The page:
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Keystone mine may become Superfund

Bob Berwyn
Summit County Correspondent
Vail, CO Colorado
Mark Fox/Summit DailyZinc and other toxic metals drain from the Pennsylvania Mine in the Peru Creek Gulch last August.
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SUMMIT COUNTY, Colorado ” Sharply increased concentrations of metals in Peru Creek and the Snake River are spurring federal environmental experts to once again consider a Superfund designation for the abandoned Pennsylvania mine near Keystone.

A toxic brew of heavy metals has long been seeping from the mine’s shafts and tunnels, poisoning the water far downstream. Experts say there is no direct human health risk associated with the acid mine drainage. But concentrations of zinc are high enough to kill trout and other aquatic life several miles away at Keystone.

“This project could benefit from a Superfund designation,” said Elizabeth Russell, Trout Unlimited’s project manager for the cleanup.

A Superfund designation sometimes carries an unwanted stigma that is perceived to hurt tourism. Russell acknowledged that public perception could play a role. She said that, in the case of the Pennsylvania mine, the Superfund listing would be very narrowly limited to a small opening where water seeps out of the mine.

An intense rainstorm last summer apparently changed the way water flows through the mine. The U.S. Environmental Protection Agency was able to trace the flume of polluted water flooding from the mine last summer. Since then, scientists have been taking monthly water samples. Since the early August “burp,” concentrations of zinc have doubled.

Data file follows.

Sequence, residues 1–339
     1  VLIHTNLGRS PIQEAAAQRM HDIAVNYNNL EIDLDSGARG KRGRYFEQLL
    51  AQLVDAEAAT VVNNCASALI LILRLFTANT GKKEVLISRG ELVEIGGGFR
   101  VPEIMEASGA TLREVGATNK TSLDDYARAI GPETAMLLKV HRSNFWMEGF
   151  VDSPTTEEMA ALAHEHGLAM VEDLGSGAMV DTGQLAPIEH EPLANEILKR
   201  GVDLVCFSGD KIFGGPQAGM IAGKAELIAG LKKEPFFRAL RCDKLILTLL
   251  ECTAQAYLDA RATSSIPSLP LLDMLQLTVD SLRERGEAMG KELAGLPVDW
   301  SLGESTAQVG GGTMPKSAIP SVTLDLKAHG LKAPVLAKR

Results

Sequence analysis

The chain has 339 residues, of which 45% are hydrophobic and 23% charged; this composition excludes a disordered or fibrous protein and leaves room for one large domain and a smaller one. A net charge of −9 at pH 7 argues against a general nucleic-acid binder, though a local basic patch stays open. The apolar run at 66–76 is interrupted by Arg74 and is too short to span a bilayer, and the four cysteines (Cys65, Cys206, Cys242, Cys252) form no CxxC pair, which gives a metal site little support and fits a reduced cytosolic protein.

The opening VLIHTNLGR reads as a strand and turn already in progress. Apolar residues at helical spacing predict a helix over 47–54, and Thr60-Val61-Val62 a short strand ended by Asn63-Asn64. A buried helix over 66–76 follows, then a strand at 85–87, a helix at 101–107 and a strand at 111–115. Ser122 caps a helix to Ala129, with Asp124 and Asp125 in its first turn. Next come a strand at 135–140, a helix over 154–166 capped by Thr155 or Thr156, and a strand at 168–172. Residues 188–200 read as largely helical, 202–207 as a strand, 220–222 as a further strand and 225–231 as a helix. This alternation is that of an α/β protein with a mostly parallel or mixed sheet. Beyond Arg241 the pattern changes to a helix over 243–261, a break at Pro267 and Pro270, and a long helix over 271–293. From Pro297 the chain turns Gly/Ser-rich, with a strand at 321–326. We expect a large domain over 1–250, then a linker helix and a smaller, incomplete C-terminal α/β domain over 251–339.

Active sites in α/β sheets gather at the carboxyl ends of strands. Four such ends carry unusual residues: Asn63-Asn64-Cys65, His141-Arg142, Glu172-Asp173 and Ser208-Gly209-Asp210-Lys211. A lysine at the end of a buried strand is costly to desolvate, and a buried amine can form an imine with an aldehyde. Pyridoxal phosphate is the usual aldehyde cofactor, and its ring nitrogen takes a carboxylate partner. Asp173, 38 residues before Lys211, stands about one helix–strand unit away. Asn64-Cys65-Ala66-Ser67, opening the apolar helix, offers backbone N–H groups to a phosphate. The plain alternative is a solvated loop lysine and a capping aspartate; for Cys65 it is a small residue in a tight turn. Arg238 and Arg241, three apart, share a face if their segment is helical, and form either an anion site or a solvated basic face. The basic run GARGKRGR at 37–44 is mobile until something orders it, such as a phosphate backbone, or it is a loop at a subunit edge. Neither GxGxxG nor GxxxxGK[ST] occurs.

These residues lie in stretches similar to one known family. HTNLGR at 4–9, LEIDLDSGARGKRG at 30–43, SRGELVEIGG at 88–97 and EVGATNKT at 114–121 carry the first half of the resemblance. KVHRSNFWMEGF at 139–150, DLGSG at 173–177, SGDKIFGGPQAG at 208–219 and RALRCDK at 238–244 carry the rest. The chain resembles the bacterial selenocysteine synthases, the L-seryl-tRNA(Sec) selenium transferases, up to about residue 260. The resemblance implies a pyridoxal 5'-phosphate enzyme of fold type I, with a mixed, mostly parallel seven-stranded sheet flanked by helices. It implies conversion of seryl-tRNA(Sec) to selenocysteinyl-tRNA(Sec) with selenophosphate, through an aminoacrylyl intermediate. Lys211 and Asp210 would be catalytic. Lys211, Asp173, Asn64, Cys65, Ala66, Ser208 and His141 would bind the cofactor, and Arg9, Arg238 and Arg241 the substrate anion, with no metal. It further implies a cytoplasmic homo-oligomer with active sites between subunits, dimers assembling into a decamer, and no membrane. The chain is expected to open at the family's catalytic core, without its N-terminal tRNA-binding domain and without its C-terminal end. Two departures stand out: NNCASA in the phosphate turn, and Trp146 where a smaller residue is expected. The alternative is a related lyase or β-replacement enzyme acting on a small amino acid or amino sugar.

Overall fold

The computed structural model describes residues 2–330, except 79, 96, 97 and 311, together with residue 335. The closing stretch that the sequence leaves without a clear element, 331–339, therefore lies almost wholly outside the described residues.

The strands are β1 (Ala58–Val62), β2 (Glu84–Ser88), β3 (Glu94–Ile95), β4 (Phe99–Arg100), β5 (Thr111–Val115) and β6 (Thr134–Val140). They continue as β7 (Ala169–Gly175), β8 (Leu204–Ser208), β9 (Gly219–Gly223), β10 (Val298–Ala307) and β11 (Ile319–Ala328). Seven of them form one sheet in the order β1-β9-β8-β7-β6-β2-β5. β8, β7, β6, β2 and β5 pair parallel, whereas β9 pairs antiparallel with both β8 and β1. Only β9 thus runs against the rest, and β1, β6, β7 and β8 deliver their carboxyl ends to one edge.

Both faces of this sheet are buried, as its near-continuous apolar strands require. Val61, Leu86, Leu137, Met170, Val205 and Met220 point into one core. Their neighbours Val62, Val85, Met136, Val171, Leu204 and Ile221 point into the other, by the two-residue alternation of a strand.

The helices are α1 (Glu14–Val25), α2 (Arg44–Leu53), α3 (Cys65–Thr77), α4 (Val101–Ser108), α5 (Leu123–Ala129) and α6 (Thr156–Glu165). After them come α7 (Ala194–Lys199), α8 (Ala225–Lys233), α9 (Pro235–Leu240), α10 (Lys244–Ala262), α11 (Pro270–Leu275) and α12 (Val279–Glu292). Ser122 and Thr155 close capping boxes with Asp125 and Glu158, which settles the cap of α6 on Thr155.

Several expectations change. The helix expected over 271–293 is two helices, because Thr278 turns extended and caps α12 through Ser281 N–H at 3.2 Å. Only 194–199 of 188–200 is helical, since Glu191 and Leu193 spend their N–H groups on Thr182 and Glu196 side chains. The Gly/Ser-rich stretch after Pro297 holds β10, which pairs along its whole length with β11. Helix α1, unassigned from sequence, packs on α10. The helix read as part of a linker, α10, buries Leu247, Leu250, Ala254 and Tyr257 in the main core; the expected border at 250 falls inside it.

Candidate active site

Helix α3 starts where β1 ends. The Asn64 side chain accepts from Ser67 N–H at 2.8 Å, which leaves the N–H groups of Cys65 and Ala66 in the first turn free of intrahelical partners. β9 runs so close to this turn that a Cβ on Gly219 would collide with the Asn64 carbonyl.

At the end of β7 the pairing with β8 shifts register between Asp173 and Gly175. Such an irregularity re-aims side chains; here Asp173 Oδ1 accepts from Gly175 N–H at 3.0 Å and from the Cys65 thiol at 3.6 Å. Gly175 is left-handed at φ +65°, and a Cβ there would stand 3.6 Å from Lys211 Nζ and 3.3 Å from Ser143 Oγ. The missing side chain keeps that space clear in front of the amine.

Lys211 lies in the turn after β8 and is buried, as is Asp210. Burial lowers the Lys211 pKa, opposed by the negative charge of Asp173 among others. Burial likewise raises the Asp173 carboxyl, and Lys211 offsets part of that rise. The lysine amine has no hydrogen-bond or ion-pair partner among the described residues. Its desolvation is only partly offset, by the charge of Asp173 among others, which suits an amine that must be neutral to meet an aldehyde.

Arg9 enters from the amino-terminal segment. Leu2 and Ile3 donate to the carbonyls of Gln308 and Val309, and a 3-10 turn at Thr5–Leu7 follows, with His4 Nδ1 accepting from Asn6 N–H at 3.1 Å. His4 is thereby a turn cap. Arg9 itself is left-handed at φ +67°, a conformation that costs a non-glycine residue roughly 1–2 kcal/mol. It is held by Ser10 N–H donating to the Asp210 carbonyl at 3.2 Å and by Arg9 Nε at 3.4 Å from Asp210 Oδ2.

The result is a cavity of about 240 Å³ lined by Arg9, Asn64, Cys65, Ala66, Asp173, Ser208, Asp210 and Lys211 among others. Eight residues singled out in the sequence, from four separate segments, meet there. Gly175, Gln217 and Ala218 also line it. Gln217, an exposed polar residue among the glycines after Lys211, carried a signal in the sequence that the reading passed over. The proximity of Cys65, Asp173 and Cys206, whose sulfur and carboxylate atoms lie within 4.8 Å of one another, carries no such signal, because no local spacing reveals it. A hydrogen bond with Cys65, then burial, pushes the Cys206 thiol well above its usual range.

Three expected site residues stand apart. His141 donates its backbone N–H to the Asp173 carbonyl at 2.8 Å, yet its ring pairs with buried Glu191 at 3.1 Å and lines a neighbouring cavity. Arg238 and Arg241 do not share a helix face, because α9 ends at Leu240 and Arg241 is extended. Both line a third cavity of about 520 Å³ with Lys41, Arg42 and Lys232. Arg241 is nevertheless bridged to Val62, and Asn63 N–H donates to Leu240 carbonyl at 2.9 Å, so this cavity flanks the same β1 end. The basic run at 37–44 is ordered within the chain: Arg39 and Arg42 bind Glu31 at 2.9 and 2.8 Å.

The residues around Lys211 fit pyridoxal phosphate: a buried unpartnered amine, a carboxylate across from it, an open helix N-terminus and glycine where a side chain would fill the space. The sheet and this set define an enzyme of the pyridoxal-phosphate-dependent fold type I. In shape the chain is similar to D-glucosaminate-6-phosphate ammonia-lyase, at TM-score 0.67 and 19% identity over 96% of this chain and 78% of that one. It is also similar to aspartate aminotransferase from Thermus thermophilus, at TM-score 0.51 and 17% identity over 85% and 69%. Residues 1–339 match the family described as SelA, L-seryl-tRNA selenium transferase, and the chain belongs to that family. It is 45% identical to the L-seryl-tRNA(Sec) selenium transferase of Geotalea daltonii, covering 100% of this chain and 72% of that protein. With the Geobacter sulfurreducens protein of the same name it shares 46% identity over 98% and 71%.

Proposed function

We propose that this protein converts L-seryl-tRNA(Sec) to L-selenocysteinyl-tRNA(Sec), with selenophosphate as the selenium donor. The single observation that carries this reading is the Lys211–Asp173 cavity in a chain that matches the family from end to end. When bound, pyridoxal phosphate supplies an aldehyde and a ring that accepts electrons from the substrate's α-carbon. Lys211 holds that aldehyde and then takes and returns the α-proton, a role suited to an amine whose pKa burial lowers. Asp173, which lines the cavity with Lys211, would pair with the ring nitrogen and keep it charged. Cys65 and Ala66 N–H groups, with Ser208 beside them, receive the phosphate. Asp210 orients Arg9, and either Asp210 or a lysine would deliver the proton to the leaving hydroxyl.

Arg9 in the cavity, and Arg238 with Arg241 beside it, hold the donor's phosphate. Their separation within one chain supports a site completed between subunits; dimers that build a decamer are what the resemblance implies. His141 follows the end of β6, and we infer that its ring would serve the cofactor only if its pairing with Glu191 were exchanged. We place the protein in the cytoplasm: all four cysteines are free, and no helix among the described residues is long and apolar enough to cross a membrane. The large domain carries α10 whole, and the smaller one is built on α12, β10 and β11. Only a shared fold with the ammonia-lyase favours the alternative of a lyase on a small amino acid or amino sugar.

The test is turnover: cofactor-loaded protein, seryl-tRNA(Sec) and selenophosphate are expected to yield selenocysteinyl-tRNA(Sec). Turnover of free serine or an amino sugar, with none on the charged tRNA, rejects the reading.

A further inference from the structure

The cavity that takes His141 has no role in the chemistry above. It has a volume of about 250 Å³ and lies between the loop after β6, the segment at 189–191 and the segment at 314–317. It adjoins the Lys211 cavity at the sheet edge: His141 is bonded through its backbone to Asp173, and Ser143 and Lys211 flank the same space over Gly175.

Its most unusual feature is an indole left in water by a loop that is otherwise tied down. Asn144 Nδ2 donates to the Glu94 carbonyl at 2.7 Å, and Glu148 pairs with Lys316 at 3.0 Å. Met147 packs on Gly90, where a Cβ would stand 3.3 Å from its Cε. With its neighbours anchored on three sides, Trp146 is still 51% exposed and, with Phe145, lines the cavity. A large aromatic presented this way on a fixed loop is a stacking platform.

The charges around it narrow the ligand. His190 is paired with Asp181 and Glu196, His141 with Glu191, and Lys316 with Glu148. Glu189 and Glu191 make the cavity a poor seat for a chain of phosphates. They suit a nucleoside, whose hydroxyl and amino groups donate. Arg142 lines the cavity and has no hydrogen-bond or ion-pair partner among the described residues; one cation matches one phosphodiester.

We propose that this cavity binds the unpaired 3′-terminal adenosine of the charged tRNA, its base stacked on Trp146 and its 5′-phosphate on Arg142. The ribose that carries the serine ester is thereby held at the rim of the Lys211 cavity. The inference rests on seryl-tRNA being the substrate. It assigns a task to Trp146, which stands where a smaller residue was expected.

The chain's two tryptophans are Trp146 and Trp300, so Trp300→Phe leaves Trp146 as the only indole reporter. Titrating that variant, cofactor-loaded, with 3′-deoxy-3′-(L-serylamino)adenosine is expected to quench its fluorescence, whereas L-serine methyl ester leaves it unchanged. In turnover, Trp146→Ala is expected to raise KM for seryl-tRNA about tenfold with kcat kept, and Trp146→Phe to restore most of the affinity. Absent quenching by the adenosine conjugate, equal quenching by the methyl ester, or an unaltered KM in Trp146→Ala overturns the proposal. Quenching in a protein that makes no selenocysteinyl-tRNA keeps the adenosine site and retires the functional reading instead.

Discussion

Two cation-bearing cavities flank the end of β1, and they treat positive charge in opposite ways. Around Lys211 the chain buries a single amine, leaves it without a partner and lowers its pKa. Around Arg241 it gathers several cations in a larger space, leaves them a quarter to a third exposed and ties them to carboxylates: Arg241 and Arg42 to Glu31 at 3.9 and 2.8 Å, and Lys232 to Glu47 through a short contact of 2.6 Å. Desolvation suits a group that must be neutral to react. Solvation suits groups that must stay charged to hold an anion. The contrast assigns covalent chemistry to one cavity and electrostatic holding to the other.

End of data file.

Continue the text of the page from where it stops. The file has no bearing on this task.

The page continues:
The surge of tainted water last summer killed hundreds of stocked trout in the Snake River near Keystone. A team of biologists and volunteers scoured the water for fish after the blow-out at the mine, but found only a few trout that survived the deluge.

“We’ve been seeing an increase in metals loading since the blow-out,” said Jean MacKenzie, remedial project manager for the EPA. “A listing could potentially bring some funding for long-term treatment. In the meeting last week we wanted everyone to know this could be a good option.”

A Superfund designation would only come after a local request to the governor of Colorado, who would pass it along to the federal government. At the earliest, the mine would go the Superfund list in autumn of 2009, MacKenzie said.

Before last summer’s blow-out at the mine, hopes were high that the Snake River Task Force was making progress on the cleanup. Trout Unlimited dedicated a full-time staff person to coordinate the effort.

The cold-water fisheries conservation group had just completed a voluntary and collaborative mine cleanup in Utah and hoped to use that model in Peru Creek. Trout Unlimited was also prepared to bring take on the initial responsibility of building and operating a water treatment facility.

“The blow-out in the Snake River made a Good Samaritan project too pricey,” said Trout Unlimited’s Russell. “We know from work last summer, there are other groundwater problems. There are more complex issues up there.”

Even before the big rainstorm triggered the surge of pollution last August, the price tag for treatment was soaring up into the $2 million to $2.5 million range, well above what Trout Unlimited and the task force had envisioned. With even higher levels of zinc, the cost is likely to increase again, although there won’t be an accurate estimate until the federal experts finish a detailed engineering study.

Along with rising costs, there could be other unintended consequences attached to a Superfund designation, said Summit County water expert Lane Wyatt.

“We don’t want a huge industrial complex up there with a paved road going to it,” he said.


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